When an ailing heart can’t move blood on its own, an implanted pump can help keep it flowing smoothly. But there’s a major drawback: the power supply is large, must be housed outside the body, and is usually connected to the pump via an electric cord that runs through the abdominal wall—a source of constant irritation and potential infection.
Researchers have now demonstrated a prototype wireless heart pump that eliminates the need for the cord altogether. And unlike some wireless implants, it is reliable and efficient over a range of distances, from a few centimeters to a meter or more.
The pump was developed by Josh Smith, associate professor of computer science and electrical engineering at the University of Washington, and Pramod Bonde, a heart surgeon at the University of Pittsburgh Medical Center, and presented at the American Society for Artificial Internal Organs’ annual meeting in Washington, D.C., last month.
Most implanted medical devices, such as pacemakers and defibrillators, can work with internal batteries, but heart pumps and artificial hearts require more power. An artificial heart called the AbioCor is powered wirelessly, but the power transmitter, affixed to the skin, has to stay aligned with the receiver inside the body. “Just a few millimeters of separation and misalignment results in energy loss,” says Bonde.
Smith and Bonde’s new wireless pump gets around the alignment problem by modifying the way power is sent and received. The external power transmitter is a metal coil that emits an oscillating magnetic field around 6.78 megahertz and 13.56 megahertz. The receiving coil inside the body is tuned to resonate with the frequency of the transmitting coil at about 80 percent efficiency. When the distance between the coil changes, however, the efficiency drops, unless it is possible to adjust the frequency over which the power is transferred. Smith has designed a feedback system that maximizes efficiency by automatically adjusting the frequency of the power transfer.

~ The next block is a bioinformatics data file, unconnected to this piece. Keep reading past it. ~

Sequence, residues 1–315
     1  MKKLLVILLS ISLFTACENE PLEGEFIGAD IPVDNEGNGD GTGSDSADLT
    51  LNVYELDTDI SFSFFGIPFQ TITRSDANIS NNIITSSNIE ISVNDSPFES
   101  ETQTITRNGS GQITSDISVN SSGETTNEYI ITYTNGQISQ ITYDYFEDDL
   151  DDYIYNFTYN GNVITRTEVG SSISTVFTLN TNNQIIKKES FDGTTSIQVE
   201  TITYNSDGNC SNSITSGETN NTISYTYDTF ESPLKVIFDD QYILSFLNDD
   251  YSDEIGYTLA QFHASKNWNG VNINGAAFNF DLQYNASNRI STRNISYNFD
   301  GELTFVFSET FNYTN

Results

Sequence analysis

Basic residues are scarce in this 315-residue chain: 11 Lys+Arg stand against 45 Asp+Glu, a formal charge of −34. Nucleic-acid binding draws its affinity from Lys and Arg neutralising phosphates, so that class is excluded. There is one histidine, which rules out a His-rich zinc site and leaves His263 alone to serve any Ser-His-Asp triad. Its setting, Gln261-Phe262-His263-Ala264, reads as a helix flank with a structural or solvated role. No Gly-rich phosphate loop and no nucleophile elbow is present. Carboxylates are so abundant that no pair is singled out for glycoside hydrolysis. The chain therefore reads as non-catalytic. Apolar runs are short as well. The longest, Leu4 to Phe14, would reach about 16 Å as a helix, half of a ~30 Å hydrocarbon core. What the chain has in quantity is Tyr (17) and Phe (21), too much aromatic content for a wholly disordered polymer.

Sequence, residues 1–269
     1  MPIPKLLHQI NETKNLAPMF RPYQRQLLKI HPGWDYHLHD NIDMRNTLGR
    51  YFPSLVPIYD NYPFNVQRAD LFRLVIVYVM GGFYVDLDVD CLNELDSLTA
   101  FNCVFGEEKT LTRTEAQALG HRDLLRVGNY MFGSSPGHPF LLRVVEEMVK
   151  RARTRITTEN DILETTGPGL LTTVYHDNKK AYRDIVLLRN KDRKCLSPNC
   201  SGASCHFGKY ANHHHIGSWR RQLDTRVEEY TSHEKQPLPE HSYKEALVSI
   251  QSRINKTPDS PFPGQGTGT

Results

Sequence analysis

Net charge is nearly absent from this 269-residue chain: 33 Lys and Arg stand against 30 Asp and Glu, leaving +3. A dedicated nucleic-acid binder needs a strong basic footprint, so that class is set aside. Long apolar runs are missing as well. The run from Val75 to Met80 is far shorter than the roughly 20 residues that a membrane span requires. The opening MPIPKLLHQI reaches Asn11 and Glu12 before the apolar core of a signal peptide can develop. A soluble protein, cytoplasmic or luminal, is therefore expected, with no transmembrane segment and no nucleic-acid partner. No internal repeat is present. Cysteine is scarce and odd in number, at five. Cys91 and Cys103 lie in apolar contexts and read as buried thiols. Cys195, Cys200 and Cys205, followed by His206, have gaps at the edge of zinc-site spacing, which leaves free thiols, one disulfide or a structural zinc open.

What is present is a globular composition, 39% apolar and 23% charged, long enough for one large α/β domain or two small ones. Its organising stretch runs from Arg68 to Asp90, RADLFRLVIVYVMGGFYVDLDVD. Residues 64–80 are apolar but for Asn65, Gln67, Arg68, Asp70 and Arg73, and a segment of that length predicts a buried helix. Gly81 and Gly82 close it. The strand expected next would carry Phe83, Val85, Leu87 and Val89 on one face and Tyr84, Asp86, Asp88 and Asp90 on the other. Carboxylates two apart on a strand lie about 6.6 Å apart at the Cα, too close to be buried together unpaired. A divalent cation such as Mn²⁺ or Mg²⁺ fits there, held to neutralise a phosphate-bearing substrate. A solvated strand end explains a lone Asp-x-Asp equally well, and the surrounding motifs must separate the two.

Transferring power via a magnetic field instead of an electric field avoids harmful heating, but there is still a slight rise in temperature from a residual electric field. Smith says that eliminating some of the coil packaging will ultimately reduce heating to a negligible amount.
The new wireless power system could free up heart-pump designers to innovate. A power supply that can operate over a range of distances could be worn in a vest or even installed in a house. Smith and Bonde envision a whole-home system in which a person can move freely without wearing a power supply. A small implantable battery could also offer a half-hour of backup power.
Recent work in wireless power transfer has focused mainly on increasing efficiency, says Matt Reynolds, assistant professor of electrical and computer engineering at Duke University. “Adapting to movement by tuning the operating frequency and maintaining resonance,” he says, “is also critical to achieving widespread acceptance of this technology.”
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